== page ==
Public Transit in the U.S. Could Be Better. So Why Isn’t It?
Aditi Shrikant considers the current state of transit in the United States and reasons for the lack of public concern about quality of service and public investments. Ridership here is much lower than in Asian and European countries, and Shrikant points out that the most robust transit systems are in large northern and coastal cities.
American public transit has faced a myriad of problems, including safety issues, political resistance and controversy, and negative public perceptions. One reason it has not improved may be that Americans do not use public transit enough or fully understand how systems operate, and so they have less interest in transit policy and funding.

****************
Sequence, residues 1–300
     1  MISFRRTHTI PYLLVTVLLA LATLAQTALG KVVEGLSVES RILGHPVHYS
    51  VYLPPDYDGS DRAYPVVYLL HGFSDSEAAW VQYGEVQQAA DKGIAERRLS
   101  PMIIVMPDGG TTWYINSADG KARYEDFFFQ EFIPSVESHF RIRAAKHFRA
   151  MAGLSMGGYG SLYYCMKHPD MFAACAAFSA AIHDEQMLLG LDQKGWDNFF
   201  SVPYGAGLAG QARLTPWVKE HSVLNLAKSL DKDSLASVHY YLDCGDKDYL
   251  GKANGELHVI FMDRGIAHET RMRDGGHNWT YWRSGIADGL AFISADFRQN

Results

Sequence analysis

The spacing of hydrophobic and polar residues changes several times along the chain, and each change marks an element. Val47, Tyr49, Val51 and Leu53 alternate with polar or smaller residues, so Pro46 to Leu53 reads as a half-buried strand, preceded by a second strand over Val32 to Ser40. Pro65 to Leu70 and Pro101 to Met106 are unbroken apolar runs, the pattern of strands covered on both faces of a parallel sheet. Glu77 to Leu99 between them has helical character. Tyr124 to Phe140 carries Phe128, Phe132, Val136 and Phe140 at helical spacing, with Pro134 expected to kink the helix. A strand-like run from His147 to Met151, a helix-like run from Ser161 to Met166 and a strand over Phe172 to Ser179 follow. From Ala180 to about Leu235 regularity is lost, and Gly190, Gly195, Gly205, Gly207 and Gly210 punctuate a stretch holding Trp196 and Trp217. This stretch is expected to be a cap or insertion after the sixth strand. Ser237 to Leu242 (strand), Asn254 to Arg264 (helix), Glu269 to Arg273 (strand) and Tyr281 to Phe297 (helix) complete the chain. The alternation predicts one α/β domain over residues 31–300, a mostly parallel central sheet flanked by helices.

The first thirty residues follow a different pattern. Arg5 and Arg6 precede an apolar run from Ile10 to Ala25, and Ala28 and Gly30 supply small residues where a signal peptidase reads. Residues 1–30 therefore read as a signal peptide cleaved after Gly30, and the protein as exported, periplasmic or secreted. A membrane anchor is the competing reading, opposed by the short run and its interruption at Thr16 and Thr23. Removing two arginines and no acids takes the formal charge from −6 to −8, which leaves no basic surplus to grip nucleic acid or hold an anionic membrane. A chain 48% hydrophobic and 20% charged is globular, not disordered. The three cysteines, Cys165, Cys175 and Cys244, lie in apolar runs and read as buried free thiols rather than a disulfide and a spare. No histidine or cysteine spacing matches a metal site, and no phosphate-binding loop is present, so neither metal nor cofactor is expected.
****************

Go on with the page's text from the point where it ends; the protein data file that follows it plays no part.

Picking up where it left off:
Another possibility is that the United States has not developed the kinds of modern transit systems seen in other countries. As a result, it lags behind in providing the state-of-the-art transit needed to transport large numbers of people.
One solution to boost public transit looks to shift travelers’ incentives rather than focusing on expanding transit systems, reports Shrikant. For example, higher gas prices and congestion charges are two disincentives to driving that encourage people to move to transit.